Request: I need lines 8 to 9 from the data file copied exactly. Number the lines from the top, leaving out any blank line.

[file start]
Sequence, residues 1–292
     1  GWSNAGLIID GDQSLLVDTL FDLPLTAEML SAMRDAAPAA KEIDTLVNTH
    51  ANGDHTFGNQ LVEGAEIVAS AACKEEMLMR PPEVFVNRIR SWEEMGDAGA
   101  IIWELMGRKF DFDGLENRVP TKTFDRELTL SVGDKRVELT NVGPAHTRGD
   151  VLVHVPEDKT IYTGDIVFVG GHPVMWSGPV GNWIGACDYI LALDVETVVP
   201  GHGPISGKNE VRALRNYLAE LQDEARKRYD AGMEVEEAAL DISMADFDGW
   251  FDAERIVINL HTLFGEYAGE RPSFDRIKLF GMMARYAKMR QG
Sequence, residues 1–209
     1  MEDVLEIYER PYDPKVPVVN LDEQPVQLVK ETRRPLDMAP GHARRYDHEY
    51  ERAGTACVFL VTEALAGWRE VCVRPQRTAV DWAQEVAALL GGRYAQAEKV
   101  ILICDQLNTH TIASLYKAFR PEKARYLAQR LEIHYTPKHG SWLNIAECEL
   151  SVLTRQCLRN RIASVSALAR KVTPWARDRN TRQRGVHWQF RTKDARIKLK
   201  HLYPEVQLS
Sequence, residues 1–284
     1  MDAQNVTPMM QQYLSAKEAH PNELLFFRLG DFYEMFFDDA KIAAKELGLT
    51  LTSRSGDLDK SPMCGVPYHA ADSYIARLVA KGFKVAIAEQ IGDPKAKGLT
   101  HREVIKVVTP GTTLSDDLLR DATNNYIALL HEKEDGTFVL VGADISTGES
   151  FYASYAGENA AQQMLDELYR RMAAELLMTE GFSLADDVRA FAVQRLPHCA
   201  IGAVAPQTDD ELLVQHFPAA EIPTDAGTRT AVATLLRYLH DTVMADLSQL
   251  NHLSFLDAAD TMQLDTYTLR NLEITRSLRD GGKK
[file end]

Sequence, residues 1–209
     1  MEDVLEIYER PYDPKVPVVN LDEQPVQLVK ETRRPLDMAP GHARRYDHEY